Monday, November 5, 2007

Dreams No Longer Deferred

Dante Gabriel Rossetti (1828-1882). LadyLilith, 1866-68 (altered 1872-73). Oil on canvas, 38 x 33 1/2 inches. Samuel and Mary R. Bancroft Memorial, 1935.

After a long absence, the Delaware Art Museum welcomes back the renowned Samuel and Mary R. Bancroft Collection of Pre-Raphaelite Art after a long tour of the United States and England. In addition to a series of exhibitions and programs and a special website to celebrate the return, the Delaware Art Museum now reissues the 2004 catalogue, Waking Dreams: The Art of the Pre-Raphaelites from the Delaware Art Museum. In addition to presenting beautiful reproductions of the art itself from the largest collection of Pre-Raphaelite art anywhere outside Britain, the catalogue analyzes the all-encompassing passion of Samuel Bancroft in his pursuit of the art and the stories and people behind it. Works such as Lady Lilith (above) fascinate Bancroft not only for their beauty and the artistry of Dante Gabriel Rossetti, but also for the history and life of the model, Fanny Cornforth, who evolved from model to mistress of Rossetti after the death of his wife, model, and fellow artist Elizabeth Siddal in 1862. Bancroft found Fanny and hounded her and others for the romantic, often lurid, and even macabre tales of the Pre-Raphaelite Brotherhood, the most soap opera-esque of all art movements. Through these works, Bancroft relived the Pre-Raphaelite dream of pure imagination, a dream now returns to the Delaware Art Museum in its fullest sense.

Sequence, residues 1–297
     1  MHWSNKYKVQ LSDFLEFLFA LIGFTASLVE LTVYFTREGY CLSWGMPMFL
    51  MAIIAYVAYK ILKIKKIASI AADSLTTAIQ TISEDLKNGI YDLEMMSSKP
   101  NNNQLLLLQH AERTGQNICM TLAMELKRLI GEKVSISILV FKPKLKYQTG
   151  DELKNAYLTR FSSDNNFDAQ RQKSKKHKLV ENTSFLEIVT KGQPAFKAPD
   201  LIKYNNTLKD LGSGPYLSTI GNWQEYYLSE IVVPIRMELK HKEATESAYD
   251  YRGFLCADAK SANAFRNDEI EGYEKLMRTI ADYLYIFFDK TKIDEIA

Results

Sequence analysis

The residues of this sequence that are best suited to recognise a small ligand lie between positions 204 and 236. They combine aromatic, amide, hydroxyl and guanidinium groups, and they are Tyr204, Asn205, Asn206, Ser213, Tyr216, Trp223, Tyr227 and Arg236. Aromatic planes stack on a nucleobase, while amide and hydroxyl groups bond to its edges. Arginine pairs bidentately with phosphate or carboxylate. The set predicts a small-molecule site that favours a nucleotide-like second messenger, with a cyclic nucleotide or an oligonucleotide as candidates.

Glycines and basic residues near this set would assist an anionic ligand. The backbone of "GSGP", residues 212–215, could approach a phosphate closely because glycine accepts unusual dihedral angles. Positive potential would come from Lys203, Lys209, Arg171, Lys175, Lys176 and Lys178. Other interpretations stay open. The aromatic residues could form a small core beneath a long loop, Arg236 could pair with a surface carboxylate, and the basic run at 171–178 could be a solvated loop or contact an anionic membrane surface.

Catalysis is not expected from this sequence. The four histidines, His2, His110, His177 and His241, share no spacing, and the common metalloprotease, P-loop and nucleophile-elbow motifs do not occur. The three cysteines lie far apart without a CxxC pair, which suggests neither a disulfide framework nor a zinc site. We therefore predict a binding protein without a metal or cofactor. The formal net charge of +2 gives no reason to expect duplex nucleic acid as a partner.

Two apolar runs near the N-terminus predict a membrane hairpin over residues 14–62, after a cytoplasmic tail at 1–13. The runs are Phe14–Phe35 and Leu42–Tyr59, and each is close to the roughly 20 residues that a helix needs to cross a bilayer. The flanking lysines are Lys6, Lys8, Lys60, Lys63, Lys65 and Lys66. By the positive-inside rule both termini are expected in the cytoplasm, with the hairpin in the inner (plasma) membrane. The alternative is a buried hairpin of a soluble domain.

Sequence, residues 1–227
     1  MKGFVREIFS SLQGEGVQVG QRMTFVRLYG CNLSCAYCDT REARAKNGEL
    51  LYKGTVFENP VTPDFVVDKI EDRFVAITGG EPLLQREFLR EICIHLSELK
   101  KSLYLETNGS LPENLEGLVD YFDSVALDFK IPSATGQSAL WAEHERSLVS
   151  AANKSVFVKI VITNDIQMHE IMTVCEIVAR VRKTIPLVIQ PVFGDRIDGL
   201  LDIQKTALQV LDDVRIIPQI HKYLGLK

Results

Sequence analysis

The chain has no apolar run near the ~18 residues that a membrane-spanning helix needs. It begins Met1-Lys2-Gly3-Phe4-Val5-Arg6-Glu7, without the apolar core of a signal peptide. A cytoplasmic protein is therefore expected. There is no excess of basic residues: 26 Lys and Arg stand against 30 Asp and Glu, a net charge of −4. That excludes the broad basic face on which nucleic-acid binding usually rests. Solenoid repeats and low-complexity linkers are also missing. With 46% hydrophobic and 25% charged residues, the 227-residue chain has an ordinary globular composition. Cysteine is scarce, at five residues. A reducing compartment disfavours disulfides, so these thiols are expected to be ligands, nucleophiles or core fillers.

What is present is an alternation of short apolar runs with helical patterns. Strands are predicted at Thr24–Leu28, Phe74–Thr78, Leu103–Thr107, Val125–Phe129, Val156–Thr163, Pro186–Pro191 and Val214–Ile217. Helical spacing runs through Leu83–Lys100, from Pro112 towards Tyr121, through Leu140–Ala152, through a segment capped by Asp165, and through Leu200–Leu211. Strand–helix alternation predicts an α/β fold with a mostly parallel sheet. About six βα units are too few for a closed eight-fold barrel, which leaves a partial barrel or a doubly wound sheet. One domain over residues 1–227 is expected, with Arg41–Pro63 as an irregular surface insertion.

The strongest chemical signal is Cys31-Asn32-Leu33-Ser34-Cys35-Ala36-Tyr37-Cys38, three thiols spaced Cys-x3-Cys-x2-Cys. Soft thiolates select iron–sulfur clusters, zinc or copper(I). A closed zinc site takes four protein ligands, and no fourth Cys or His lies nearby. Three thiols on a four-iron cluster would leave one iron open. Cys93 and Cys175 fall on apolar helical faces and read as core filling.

Dante Gabriel Rossetti, (1828-1882). Found, begun c. 1869. Oil on canvas, 30 x 35 inches. Samuel and Mary R. Bancroft Memorial, 1935.

“It would be ‘Rossettianism’ that intrigued and seduced Samuel Bancroft from the moment he set eyes on Fiammetta in 1880,” writes Stephen Wildman in his essay, “A Vision Realized: Pre-Raphaelitism in the Bancroft Collection.” Rossetti rightfully takes center stage in the Bancroft Collection with works ranging from his early 1848 painting Bottles to the late Mnemosyne of the 1880s. In between, works such as Found (above), the only “modern moral subject” Rossetti painted, trace the trajectory of Rossetti’s amazing career. Rossetti’s lighter side appears in the drawings he sent to Fanny Cornforth, the model for the woman in Found, in which he draws her as an elephant in a play on the name “Fanny.” Bancroft collected letters and personal effects of Rossetti in his relentless drive to “penetrate the surface of Rossetti’s disarming and frustrating personality” and “vicariously enter the personal world of the Pre-Raphaelites.” Rossetti died in 1882, just as Bancroft began collecting the Pre-Raphaelites, and this near miss haunts all his efforts.

Marie Spartali Stillman (1844-1927). Love's Messenger, 1885. Watercolor, tempera, and gold paint on paper mounted on wood, 32 x 26 inches. Samuel and Mary R. Bancroft Memorial, 1935.